Art Larrance, the owner of Cascade Brewing in Portland, Ore., has nothing to be sour about.
“I’ve been fortunate enough that the only sour I have is right here in my glass,” he says, sipping Cascade’s Bourbonic Plague, a blend of sour imperial porters aged in wine and bourbon barrels with dates, cinnamon, vanilla, and orange peel. It won a gold medal at the Great American Beer Festival in 2009, and was recently re-released for the brewery’s 20th anniversary.
“It’s one of our most celebrated beers,” Larrance says. “People have asked us to bring it back since, and what better time than now.”
Don't Miss A DropGet the latest in beer, wine, and cocktail culture sent straight to your inbox.
Larrance co-founded Portland Brewing, one of the city’s four original craft breweries, in 1986. One year prior, he helped lobby state lawmakers to pass legislation enabling breweries to sell beer on site, an act that had been banned since Prohibition. He also helped establish the Oregon Brewers Festival, which is now in its 32nd year and attracts 60,000 guests annually.
Still, his greatest professional accomplishment might be Cascade, which is widely considered a pioneer in American barrel-aged sour beer.
“In the beginning we were definitely a little lost, having a sort of identity crisis,” he says. “We followed the trends of ales and lagers as everyone else did at the time but we really didn’t know who we were.”
Soon Larrance and former brewmaster Ron Gansberg, who had a strong wine background, began building impressive barrel-aging and blending programs in the early aughts. They used a house culture of lactobacillus bacteria, and drew upon the Pacific Northwest’s abundant fruits to produce complex, distinctive sour beers.
“This was a way we could create something truly special and unique to the area,” Larrance tells VinePair. “It was an intense investment and success wasn’t immediate, but the brewers and cellar staff were extremely dedicated, through philosophy and process, to creating some of the best sour beers possible.”
Cascade has since garnered critical and consumer praise for its Northwest Sour Ales, which include Kriek, Sang Noir, and Vlad the Imp Aler. The brewery has expanded several times, first with the Barrel House, in 2010, and then the Blending House, a 23,000-square-foot facility solely dedicated to producing and packaging sour beers, in 2014. The latter currently houses over 2,000 oak barrels, as well as nine foeders ranging from 50 to 65 hectoliters.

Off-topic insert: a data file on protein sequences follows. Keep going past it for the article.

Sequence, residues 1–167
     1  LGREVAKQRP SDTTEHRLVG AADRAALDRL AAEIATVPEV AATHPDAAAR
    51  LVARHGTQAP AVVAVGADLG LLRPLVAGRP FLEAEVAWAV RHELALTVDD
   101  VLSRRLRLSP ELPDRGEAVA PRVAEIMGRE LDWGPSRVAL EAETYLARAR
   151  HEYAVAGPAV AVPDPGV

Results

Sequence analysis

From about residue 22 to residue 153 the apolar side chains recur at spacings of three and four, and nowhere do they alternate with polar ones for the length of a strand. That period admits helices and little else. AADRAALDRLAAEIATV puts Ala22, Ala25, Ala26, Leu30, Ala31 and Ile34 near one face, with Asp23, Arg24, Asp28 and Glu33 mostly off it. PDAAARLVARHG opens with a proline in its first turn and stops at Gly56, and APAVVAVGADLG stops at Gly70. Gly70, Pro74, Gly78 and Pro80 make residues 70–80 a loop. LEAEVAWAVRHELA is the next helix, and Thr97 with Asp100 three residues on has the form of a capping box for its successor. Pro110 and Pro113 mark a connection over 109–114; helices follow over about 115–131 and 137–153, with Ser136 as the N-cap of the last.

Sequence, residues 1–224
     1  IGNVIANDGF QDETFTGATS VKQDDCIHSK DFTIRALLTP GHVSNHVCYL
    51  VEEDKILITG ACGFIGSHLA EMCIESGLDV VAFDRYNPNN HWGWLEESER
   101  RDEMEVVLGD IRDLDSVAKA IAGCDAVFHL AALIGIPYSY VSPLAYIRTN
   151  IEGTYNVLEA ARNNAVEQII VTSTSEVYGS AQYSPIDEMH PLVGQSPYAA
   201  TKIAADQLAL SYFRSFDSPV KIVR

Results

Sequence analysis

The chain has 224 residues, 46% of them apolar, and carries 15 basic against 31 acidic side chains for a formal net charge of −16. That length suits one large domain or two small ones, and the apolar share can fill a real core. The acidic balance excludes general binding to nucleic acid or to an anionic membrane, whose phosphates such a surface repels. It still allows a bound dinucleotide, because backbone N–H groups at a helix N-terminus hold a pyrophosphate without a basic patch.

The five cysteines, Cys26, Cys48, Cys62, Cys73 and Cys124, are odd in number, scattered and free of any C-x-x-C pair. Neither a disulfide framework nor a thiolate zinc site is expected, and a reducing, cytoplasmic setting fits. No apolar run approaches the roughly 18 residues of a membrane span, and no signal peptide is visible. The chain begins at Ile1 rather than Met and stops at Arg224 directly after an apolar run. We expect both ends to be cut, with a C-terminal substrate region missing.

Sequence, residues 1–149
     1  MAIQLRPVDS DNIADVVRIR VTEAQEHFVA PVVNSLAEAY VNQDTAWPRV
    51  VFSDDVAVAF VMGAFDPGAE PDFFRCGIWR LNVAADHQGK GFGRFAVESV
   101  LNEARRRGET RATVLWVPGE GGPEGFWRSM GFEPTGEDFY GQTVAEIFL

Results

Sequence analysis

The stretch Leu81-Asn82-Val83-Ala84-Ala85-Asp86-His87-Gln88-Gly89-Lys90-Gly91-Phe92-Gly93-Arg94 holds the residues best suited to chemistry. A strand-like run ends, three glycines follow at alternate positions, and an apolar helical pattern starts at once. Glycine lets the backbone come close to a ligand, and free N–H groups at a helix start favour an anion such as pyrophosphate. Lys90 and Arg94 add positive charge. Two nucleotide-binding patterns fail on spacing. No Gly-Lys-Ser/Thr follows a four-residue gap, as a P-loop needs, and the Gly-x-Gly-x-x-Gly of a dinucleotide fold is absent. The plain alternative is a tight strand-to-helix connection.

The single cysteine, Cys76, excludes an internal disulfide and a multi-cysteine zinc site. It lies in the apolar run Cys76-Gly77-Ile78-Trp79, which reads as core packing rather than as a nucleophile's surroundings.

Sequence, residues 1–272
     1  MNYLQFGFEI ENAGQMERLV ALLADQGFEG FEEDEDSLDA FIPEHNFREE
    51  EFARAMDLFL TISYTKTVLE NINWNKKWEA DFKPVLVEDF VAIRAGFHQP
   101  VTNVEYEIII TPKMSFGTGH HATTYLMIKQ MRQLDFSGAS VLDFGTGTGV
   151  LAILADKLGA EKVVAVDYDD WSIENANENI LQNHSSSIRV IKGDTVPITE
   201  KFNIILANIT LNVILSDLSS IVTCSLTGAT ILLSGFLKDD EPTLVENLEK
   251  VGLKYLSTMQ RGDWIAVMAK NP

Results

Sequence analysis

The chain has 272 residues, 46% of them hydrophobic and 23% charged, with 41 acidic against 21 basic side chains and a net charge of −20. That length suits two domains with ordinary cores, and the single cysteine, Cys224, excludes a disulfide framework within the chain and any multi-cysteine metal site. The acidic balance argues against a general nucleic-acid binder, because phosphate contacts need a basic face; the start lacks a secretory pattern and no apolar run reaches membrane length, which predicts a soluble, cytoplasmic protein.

What does Larrance do when he’s not overseeing barrel aging or blending? Here, he tackles our Lucky Sevens questions and shares his memories of the industry in the 1980s, favorite Kriek vintage, and how he found out he wasn’t a good day drinker.
1. What’s your desert-island beer?
I’m generally a pale ale drinker, or at least beers on the lighter side of the color spectrum. But I had this black lager once in Prague, called U Fleků. It’s actually available only at the brewery, and it’s the only beer it makes. Each sip melted in my mouth. But who knows how it would taste in a hot climate?
2. What’s the beer that made you fall in love with beer?
My dad was a cabinetmaker. He had his own shop in Portland. I have great memories as a kid of him shutting off the tools at the end of a long day and cracking open a cold can of Olympia. He let me get the last sip and I would say, “Ohhh, that’s so bitter!” This endeared me to beer.
3. FMK three beer types: IPA, pilsner, sour?
I’m not a hophead — I don’t like my tongue to curl up after I take a sip of something — so I would kill IPA. Sour, I would f*ck. You want to sip your sours and take your time with them, and that’s the thing you want to do when you make love. And I would marry pilsner, because pilsner and I have been together for a long time. I can commit to something. I’ve been with the same gal for a long time.
4. You’re on death row. What’s your last-supper beer?
We just celebrated our 20th anniversary and brought back our Bourbanic Plague, a blend of different barrel-aged porters. It seems to be everyone’s favorite of ours so we brought it back. It’s a complex beer, a strong beer, an unusual beer. If I’m on death row, I’d take down a bottle by myself. By the time I reached the end I probably wouldn’t remember the first glass.
5. You can only drink one beer for the rest of your life. What is it?
Portland Ale. This is a pale beer, not overly hopped, made mostly with pilsner malt. It’s supremely refreshing and you can have more than one, which is something I want from a beer. This was our flagship at Portland Brewing. When the trademark lapsed after we closed, I picked it up and we’ve made it ever since. I have fond memories from back in 1986. Craft beer was all about going around to different bars and educating the staff, selling yourself, on this different, new product. Cascade hops in 1986? People thought it was a different language. Now, beer drinkers are educated. I love to see that.
6. What’s the best and worst beer in your fridge right now?
I don’t keep any bad beer in my fridge. I have a lot of our sours, including Kriek from 2011. We’ve done a lot of vertical tastings of Kriek vintages and that year is always my favorite.
7. If you could no longer drink beer, what would be your beverage of choice?
Arnold Palmers. That’s what I like to have at lunch. I worked at a steel foundry out of college and I found early on that I wasn’t a good day drinker. Some of the guys could knock a few back and go back to operating machines and making products. But my head would be spinning.